Massachusetts lawmakers hear testimony on a bill that would call for a moratorium on government use of facial recognition technology. (Kim Tunnicliffe/WBZ NewsRadio)
The bill's sponsor, State Sen. Cynthia Creem, said the technology is currently unregulated in Massachusetts. She testified that she wants to make sure the legislature puts checks and balances in place to protect the public's interest.
"Facial recognition technology is technology that allows you and large groups of people to be secretly surveiled, identified, and tracked," said Creem. "The government is using it without your consent."
Kade Crockford, Director of the ACLU of Massachusetts' Technology for Liberty Program, said there are some real problems with the technology as it currently stands.
"Technology companies are putting tremendous pressure on our local governments to adopt technologies that may make serious mistakes, particularly on women and people of color," Crockford said. "No one is minding the house here. This technology poses a profound and unprecedented threat to civil rights and civil liberties. In places like China, governments are already using this technology to conduct mass surveillance, tracking every person's public movements."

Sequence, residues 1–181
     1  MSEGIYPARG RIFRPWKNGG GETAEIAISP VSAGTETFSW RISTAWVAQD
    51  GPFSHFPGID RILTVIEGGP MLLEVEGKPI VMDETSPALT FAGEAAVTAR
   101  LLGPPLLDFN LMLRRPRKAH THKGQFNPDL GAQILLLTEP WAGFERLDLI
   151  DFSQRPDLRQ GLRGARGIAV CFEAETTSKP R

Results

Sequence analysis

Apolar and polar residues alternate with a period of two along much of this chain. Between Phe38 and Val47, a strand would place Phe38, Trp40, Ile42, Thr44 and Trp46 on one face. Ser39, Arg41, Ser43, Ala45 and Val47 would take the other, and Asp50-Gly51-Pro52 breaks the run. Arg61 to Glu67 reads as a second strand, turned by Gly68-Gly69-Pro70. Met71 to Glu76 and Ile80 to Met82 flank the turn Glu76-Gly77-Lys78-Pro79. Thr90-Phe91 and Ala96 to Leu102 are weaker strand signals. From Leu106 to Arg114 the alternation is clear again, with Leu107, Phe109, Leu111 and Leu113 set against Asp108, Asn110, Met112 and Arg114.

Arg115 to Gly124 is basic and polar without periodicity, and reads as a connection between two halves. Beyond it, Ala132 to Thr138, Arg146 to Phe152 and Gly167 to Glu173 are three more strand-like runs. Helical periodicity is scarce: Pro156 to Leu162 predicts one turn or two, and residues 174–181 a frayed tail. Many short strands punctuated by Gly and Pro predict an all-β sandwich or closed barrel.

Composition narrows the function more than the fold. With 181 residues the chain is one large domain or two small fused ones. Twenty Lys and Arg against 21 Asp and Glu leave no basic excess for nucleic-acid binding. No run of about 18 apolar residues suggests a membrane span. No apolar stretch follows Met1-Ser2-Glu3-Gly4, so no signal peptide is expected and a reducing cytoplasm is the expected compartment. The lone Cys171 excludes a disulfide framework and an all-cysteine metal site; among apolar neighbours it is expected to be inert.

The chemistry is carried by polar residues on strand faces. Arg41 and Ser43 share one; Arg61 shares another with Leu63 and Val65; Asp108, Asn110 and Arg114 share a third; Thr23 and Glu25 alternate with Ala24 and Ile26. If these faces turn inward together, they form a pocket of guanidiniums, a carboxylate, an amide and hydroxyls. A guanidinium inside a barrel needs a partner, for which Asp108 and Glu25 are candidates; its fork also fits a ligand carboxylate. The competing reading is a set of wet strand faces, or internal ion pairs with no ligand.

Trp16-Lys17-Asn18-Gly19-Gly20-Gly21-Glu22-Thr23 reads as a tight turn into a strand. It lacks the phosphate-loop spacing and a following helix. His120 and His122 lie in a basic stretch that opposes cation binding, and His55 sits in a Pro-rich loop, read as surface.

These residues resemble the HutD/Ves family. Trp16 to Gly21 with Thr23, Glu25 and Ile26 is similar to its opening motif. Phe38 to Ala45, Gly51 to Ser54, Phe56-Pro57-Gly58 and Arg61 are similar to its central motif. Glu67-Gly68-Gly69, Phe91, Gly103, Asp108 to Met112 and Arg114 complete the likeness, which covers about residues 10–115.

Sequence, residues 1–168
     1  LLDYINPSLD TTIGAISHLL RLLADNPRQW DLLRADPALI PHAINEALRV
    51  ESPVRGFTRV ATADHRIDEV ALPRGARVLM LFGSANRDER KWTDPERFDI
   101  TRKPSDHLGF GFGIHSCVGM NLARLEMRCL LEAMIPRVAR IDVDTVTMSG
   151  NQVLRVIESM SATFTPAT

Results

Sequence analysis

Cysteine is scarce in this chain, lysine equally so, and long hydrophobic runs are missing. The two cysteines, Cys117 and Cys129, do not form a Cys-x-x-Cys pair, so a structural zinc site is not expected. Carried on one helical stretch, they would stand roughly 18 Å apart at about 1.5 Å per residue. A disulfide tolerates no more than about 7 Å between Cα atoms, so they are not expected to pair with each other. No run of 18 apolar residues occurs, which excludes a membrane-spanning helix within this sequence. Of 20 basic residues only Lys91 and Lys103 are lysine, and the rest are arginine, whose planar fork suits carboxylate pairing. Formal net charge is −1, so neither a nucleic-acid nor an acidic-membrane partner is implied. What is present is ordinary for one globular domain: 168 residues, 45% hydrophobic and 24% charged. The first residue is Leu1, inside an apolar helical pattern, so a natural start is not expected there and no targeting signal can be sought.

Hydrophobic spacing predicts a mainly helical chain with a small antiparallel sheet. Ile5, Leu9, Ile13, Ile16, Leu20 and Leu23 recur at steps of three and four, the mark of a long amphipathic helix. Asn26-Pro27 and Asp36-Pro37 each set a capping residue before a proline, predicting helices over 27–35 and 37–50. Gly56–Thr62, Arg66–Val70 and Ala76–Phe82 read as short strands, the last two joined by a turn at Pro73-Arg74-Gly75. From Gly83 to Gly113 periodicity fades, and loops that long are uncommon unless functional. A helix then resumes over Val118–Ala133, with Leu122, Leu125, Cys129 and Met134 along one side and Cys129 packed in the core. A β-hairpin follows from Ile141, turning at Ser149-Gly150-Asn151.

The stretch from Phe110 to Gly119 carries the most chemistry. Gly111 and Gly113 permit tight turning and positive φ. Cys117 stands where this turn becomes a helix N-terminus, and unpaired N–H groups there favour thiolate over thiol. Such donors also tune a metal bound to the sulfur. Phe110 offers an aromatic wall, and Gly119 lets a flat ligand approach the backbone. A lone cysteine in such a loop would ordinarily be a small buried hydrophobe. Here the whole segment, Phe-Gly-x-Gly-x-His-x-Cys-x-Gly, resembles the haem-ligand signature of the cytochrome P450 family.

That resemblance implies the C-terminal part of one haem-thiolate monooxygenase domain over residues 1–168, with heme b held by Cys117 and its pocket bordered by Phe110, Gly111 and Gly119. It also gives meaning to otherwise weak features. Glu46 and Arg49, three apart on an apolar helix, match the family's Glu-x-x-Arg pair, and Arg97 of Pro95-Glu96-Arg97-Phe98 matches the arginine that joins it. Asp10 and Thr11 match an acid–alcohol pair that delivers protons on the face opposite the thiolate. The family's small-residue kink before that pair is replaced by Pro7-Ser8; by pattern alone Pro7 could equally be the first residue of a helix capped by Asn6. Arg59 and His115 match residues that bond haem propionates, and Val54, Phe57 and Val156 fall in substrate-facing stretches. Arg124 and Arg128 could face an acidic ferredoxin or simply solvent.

Creem said it isn't just China where this is happening—it's happening right here at home.
"There is no law to keep this technology from being used to monitor political protesters or even children in our public schools," she said. "Big Sister, watching you without your permission."
WBZ NewsRadio's Kim Tunnicliffe (@KimWBZ) reports